Hunchbacked model shows what remote workers will look like by 2100, according to research

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Working from home might seem like the dream but it might not always be best for you

Since remote working became mandatory for many of us back during the Covid-19 lockdowns, it’s something that seems to have stuck.

Sure, you might be ‘hybrid’ nowadays or you could be spending every morning angrily questioning why your manager is asking you to go in, but many of us are spending plenty of time sat at desks at home. Or you know, sat in our beds perfectly balancing our laptop amongst snacks with the TV on in the background.

And that’s as research previously revealed despite working from home being so key to so many, plenty of Brits are yet to bother setting up a dedicated work area.

So, researchers created a hunchbacked model to show what remote workers could look like at the end of the century – spoiler, it ain’t so pretty.

Furniture at Work created Anna to demonstrate how we risk looking by 2100 and she doesn’t exactly look her best.

Anna has a bunch of issues, as you can see.  (Furniture at Work)

Anna has a bunch of issues, as you can see. (Furniture at Work)

The model has a hunchback, dark, swollen eyes and her hands almost seem to look like claws.

Sure, we say 2100 but I bet many of you working from the sofa lot are showing some signs of this already.

Anna was created following research from the University of Leeds, which found that a third of people who work from home in the UK don’t have a dedicated workspace, which could lead to problems later down the line.

Furniture at Work explained: “Anna displays many physical effects because of consistent use of technology, screen exposure and poor posture, as well as highlighting potential mental health issues.

It's fair to say Anna hasn't exactly got a good remote work set-up.  (Furniture at Work)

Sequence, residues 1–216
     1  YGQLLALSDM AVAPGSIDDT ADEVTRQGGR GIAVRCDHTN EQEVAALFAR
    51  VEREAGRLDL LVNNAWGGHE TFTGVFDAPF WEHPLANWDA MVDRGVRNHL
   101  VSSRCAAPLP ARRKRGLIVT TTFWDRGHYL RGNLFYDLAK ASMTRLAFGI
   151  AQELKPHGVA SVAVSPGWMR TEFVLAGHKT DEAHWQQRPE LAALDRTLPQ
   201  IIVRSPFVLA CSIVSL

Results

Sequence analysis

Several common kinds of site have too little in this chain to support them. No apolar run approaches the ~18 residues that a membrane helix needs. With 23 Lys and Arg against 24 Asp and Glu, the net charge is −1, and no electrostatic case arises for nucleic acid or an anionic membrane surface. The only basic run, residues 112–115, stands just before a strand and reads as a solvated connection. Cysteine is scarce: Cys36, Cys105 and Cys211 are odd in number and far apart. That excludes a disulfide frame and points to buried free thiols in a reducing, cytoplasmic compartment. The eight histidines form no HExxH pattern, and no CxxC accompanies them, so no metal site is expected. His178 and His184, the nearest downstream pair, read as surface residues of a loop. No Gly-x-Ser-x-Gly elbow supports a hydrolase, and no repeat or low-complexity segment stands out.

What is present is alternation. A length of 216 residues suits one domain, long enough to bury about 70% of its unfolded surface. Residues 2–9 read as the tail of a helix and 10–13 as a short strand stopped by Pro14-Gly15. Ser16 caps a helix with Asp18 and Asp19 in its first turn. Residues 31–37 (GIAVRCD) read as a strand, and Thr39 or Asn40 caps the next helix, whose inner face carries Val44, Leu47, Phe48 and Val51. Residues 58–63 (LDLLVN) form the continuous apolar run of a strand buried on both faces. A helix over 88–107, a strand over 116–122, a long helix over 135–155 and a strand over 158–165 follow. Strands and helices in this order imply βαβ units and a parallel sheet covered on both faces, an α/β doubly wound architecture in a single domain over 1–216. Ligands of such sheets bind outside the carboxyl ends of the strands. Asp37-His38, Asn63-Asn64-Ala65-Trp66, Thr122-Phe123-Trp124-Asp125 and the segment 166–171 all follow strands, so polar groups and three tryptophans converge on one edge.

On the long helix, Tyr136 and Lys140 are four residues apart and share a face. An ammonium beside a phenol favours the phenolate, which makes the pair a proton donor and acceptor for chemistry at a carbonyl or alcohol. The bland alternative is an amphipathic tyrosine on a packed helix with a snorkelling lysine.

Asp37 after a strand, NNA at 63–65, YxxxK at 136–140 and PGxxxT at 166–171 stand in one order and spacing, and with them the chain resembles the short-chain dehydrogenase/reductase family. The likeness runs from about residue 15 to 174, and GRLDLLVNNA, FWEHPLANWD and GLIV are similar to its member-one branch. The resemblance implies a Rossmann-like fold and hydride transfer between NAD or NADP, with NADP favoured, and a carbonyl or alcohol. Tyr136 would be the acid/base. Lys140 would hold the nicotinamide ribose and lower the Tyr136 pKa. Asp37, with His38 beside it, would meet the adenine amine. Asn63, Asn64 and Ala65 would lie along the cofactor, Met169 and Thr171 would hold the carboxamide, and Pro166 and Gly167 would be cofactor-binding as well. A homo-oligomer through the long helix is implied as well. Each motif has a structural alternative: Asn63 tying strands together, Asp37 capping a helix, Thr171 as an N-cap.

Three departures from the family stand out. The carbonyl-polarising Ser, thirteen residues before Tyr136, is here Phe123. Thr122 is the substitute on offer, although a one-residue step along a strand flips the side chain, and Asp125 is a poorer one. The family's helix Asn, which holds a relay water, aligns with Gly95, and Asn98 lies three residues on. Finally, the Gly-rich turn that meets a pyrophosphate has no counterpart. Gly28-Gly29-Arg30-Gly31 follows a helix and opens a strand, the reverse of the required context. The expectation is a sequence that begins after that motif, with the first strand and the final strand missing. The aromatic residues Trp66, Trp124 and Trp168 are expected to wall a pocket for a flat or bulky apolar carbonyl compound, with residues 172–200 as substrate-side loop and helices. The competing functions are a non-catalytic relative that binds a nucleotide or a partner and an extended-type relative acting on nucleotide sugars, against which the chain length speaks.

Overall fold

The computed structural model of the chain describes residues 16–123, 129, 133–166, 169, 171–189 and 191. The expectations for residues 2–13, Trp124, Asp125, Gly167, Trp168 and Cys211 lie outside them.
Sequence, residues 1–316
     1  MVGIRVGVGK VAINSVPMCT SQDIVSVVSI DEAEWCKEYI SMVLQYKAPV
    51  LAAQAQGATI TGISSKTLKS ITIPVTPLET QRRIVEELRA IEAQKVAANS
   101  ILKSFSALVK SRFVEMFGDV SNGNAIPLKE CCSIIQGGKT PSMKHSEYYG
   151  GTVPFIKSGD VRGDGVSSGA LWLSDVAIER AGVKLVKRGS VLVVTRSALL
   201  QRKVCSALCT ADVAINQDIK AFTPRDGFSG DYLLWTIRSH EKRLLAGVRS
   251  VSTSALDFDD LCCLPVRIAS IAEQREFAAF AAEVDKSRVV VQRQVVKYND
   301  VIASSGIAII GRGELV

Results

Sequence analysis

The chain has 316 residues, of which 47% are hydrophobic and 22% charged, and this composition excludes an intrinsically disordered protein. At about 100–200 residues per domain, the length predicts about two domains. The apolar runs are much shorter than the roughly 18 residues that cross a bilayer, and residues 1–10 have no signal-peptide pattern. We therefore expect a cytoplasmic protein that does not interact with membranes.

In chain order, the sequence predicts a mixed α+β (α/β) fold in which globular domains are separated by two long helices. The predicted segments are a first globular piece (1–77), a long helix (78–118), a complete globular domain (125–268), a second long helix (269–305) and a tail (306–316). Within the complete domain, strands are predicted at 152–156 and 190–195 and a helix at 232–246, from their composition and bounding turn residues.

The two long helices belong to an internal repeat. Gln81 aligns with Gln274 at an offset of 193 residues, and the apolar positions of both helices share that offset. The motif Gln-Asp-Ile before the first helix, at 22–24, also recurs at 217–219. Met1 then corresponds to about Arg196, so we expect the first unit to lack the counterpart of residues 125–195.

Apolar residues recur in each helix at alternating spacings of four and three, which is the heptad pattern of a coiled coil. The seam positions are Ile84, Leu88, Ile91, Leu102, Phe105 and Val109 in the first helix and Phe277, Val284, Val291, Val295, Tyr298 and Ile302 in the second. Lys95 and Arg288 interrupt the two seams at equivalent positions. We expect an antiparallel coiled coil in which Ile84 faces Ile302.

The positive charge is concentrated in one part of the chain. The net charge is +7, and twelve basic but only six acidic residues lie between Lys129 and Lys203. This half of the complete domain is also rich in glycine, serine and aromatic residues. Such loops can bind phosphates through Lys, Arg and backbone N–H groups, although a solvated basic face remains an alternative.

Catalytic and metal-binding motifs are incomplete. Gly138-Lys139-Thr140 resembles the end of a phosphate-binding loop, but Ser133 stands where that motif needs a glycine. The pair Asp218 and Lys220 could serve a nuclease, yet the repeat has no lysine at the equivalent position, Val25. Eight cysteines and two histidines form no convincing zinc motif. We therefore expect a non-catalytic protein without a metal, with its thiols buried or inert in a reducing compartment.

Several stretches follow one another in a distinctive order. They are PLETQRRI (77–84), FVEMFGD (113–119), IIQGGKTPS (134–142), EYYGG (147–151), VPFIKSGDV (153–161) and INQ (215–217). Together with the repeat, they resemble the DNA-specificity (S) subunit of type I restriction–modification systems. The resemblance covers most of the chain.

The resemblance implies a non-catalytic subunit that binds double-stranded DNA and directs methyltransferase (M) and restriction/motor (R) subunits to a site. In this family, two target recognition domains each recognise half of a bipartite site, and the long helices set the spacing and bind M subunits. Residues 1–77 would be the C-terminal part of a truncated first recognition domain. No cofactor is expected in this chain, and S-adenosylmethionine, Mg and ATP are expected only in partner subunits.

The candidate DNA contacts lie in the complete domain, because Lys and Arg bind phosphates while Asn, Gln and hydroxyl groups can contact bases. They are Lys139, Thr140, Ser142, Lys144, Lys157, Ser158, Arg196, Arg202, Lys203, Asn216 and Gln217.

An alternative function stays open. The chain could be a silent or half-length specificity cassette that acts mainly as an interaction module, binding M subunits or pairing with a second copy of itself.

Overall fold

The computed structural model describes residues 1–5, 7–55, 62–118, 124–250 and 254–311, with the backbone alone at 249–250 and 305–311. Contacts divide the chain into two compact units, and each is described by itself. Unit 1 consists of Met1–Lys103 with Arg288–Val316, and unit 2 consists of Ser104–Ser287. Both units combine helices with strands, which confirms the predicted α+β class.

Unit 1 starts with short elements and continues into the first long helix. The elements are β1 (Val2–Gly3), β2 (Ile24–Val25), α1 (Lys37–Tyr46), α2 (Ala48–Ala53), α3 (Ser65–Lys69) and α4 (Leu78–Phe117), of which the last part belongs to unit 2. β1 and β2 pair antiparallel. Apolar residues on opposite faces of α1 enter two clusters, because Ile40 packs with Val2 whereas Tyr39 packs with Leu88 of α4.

It’s fair to say Anna hasn’t exactly got a good remote work set-up. (Furniture at Work)

“To visualise the effects of not having a proper place to work at home, Furniture at Work used scientific research and worked with healthcare experts to reveal what the remote worker of the future could look like.”

Working from her comfy, cosy bed, Anna’s developed a hunchback while her eyes have gotten red and sore from spending the day staring at a screen.

The poor woman’s also ended up unhealthily gaining weight and has a weak immune system due to inefficient fresh air and exercise.

She's developed a hunchback. (Furniture at Work)

She’s developed a hunchback. (Furniture at Work)

Experts are urging those who work from home to implement some measures to keep healthy and avoid turning out like Anna.

Brian Clark, Founder of United Medical Education, said: “Remote workers should take regular breaks to stretch and move their bodies to help avoid back and neck pain.”

He also advises setting up a proper workspace to use when working from home.

“Setting up a designated workspace with ergonomic furniture is also important for establishing clear boundaries between work and personal time,” he added.

Go on lads, get up and actually work on that desk you haggled for online.

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